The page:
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St. Charles Parish judge censured by high court

By MOLLY DRYMAN

Staff Reporter

HAHNVILLE — District Judge Kirk Granier will pay close to $3,000 in fines to the Judiciary Committee of Louisiana after being publicly censured by the Louisiana Supreme Court.

The censure was for hiring his girlfriend to review medical records for the Hahnville courthouse in St. Charles Parish.

In the State Supreme Court decree they stated, “Between February 1999 and June 2002, Judge Granier hired his girlfriend, Tanya LeBlanc, a registered nurse with twenty-three years of nursing experience, as an independent contractor to review and summarize medical records for nineteen cases in his court.

Judge Granier authorized the Clerk of Court to pay LeBlanc, from the Judicial Expense Fund, an amount totaling $13,860.50 for the work LeBlanc performed for the court.

Judge Granier also authorized the clerk’s office to pay Medical-Legal Consulting Institute, Inc. $1,299 from the Judicial Expense Fund for LeBlanc’s tuition to attend a week-long legal nurse consultant course in Houston, Texas and to pay $1,022.78 to cover LeBlanc’s hotel expenses, a per diem of $40, and the airfare for her attendance at the Houston Seminar.”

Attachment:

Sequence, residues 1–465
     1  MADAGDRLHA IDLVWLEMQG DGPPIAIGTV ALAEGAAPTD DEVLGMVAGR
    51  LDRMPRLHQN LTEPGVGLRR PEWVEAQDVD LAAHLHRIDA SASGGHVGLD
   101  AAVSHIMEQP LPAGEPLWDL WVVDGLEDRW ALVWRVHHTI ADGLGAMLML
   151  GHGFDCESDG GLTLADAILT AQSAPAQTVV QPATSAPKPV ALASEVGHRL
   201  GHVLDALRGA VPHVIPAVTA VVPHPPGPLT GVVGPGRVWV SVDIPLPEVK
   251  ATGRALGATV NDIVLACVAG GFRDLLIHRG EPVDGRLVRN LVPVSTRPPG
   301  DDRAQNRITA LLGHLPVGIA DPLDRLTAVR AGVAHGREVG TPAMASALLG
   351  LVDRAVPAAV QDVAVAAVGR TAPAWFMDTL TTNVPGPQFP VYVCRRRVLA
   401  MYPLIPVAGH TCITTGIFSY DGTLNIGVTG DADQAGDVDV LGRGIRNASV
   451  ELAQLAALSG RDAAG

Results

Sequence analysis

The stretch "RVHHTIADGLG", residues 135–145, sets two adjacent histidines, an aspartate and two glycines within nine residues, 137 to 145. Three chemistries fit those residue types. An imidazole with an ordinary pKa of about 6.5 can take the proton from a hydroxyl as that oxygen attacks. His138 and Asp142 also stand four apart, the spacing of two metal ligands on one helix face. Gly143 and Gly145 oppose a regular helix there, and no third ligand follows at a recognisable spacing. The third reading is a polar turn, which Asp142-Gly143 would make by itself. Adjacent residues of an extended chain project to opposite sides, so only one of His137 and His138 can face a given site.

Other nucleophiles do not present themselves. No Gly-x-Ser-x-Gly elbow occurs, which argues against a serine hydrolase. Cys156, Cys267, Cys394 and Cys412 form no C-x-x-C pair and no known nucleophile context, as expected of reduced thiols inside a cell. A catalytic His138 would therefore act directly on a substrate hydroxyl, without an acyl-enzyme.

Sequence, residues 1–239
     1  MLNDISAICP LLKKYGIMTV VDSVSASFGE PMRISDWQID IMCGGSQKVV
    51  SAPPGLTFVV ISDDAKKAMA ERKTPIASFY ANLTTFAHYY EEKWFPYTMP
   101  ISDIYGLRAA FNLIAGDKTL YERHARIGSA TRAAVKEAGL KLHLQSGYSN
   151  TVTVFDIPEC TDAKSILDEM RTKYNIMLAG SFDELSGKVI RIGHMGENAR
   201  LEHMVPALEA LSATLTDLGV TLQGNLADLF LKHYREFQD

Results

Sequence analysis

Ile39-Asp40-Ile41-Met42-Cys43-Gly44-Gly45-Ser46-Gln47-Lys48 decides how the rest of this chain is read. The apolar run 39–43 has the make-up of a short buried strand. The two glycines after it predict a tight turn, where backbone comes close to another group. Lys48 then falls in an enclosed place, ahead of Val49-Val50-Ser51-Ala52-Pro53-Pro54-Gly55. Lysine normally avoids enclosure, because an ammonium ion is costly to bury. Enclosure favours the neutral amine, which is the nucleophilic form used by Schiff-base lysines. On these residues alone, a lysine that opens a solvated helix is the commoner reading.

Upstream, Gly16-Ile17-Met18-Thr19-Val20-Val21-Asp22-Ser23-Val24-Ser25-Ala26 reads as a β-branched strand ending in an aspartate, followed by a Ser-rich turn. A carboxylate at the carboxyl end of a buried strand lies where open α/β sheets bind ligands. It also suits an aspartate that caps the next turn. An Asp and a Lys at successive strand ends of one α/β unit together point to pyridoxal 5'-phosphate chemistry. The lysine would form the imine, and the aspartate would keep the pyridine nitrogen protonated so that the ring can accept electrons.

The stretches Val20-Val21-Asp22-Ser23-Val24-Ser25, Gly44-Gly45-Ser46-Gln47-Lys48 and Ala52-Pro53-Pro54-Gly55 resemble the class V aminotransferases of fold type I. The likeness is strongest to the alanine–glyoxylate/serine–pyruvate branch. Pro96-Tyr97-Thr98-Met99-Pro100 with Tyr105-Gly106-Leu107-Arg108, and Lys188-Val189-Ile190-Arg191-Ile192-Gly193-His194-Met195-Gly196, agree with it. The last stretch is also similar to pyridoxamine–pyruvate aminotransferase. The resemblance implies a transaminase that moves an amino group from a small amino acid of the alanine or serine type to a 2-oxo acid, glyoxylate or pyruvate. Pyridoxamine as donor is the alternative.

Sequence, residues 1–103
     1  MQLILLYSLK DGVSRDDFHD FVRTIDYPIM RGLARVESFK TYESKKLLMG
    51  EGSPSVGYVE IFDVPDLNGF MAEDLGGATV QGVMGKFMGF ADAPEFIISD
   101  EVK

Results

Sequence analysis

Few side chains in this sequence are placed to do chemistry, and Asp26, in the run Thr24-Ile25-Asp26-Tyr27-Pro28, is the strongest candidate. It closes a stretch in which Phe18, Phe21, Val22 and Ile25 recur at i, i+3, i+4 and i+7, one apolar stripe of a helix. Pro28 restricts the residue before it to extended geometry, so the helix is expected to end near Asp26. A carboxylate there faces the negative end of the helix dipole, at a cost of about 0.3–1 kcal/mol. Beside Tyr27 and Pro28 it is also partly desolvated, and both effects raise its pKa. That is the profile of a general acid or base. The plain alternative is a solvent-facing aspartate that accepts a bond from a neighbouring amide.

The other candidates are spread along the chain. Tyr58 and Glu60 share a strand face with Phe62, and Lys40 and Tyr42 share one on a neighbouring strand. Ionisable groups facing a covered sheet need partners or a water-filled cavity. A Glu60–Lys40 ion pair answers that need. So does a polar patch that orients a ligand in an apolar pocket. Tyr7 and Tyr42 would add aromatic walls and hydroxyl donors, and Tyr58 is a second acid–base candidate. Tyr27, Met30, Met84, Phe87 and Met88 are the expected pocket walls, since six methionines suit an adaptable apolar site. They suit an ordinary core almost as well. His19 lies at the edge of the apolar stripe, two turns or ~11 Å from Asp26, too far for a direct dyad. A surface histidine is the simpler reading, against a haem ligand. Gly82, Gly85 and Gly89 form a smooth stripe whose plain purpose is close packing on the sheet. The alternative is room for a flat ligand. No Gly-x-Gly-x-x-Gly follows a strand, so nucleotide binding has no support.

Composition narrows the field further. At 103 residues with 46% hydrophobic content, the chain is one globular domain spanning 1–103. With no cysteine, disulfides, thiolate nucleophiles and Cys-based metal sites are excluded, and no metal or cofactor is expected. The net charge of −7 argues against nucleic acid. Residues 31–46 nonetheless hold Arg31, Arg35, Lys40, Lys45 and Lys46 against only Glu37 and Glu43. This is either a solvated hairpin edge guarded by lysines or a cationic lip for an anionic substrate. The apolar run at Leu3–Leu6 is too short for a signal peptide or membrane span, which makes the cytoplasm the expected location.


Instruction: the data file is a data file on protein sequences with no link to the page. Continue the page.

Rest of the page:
The Judiciary Committee of Louisiana found out about LeBlanc’s employment during Granier’s re-election in 2002.

His opponent, Randy Lewis, made the issue known to the press and the committee decided to bring it to the Supreme Court’s attention, according to published reports.

The State Supreme Court ordered that Granier be publicly censured for violation of the Code of Judicial Conduct and ordered Granier to reimburse $2,321,78 to the Judicial Expense Fund of the 29th Judicial District Court, Hahnville, and the Judiciary Commission of Louisiana $448.

“The public censure is the discipline,” said Public Information Officer Valerie Willard of the Louisiana Supreme Court. “The amount is based on fees of the court and for the investigation.”

Public censure is the lowest punishment.

Suspension with or without pay is the next level of punishment and the highest level would result in removal, according to Willard.